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From Ben Johnson <...@indietorrent.org>
Subject Re: [users@httpd] Exploit?
Date Mon, 19 Nov 2012 15:07:54 GMT


On 11/19/2012 9:54 AM, Miles Fidelman wrote:
> I'm guessing it might be trying a probe against a content management
> system that has a hole in it (e.g., Wordpress has been known to leak
> information in the past).
> 
> Clearly some security scanner wrote those entries in your log file.  If
> you have something checking for that kind of exploit, you might want to
> look at its documentation for details.  (And report back!)

I see the same types of messages from Linux Logwatch, e.g.:

A total of 1 possible successful probes were detected (the following URLs
 contain strings that match one or more of a listing of strings that
 indicate a possible exploit):


/vtigercrm/graph.php?current_language=../../../../../../../..//etc/elastix.conf%00&module=Accounts&action
HTTP Response 301

My experience has been that these URLs need not exist for Logwatch to
include them in its output. We don't use vTiger CRM (whatever that may
be), so we ignore these entries.

Unless you have some CMS installed that accepts those query string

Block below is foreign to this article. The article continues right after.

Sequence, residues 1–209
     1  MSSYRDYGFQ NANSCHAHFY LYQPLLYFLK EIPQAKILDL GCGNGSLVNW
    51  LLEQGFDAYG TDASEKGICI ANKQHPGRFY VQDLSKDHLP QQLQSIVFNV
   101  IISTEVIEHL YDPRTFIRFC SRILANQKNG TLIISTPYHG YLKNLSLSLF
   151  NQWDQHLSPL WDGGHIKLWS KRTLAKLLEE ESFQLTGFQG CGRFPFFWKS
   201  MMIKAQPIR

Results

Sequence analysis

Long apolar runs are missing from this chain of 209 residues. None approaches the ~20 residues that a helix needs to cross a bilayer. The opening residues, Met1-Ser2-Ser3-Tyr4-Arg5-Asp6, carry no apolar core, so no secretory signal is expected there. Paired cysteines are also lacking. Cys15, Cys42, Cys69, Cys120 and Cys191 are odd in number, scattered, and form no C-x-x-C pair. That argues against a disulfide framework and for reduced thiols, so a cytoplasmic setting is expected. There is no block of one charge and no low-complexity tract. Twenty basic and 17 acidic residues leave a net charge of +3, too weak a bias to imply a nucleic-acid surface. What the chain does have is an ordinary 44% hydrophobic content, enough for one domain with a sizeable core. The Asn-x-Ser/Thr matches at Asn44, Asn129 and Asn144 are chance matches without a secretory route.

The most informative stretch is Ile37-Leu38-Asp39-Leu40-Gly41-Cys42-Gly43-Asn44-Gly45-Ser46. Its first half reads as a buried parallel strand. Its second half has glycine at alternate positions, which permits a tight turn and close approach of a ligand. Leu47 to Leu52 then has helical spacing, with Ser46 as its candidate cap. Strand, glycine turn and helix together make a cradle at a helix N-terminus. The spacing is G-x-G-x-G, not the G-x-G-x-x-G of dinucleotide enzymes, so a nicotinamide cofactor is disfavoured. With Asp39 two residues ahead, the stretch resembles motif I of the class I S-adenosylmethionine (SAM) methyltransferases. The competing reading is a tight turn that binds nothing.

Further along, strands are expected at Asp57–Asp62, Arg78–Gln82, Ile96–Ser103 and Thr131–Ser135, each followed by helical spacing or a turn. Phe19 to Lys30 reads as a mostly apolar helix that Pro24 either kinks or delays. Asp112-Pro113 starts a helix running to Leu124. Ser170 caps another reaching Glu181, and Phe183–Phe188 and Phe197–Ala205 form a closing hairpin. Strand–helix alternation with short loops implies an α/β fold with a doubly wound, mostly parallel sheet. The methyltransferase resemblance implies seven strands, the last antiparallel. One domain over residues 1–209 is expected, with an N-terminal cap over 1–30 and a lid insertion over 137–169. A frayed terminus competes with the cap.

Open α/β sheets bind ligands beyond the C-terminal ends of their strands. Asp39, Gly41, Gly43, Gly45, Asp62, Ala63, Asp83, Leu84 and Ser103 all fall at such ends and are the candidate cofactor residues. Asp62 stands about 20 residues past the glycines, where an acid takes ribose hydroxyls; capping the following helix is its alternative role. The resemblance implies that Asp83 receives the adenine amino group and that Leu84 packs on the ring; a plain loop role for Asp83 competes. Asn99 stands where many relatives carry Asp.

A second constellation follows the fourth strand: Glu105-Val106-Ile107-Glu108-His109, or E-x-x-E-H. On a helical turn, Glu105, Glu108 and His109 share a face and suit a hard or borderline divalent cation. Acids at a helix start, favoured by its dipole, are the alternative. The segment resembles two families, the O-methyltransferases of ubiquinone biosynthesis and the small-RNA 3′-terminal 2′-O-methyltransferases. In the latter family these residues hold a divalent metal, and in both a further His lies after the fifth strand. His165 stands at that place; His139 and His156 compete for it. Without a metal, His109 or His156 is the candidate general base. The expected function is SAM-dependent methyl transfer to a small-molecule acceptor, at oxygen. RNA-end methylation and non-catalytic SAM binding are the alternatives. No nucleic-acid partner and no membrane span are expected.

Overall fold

parameters (which WordPress might, as Isaac suggested), you can ignore
the messages.

If, on the other hand, you do use a CMS that may be vulnerable to this
type of exploit, be sure to perform due diligence and update it if
necessary.

Good luck!

-Ben

> 
> Issac Goldstand wrote:
>> not sure what it thinks its matching but both of those urls will
>> return 200 with the homepage on a static site...
>>
>> Sent from my mobile.  Please excuse any typos, spelling or other
>> weirdness.
>>
>>
>> Sent with AquaMail for Android
>> http://www.aqua-mail.com
>>
>>
>> On November 19, 2012 4:39:58 AM Knute Johnson
>> <apache@knutejohnson.com> wrote:
>>>   A total of 2 possible successful probes were detected (the following
>>> URLs contain strings that match one or more of a listing of strings that
>>>   indicate a possible exploit):
>>>
>>>      /?mod=../../../../../../../../proc/self/environ%00 HTTP Response
>>> 200
>>>      /?page=../../../../../../../../proc/self/environ%00 HTTP
>>> Response 200
>>>
>>>
>>> Above showed up in my log this morning.  Anybody know what the exploit
>>> could be and how one can prevent this?
>>>
>>> Thanks,
>>>
>>> knute...
>>>
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>>
>>
>>
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> 
> 

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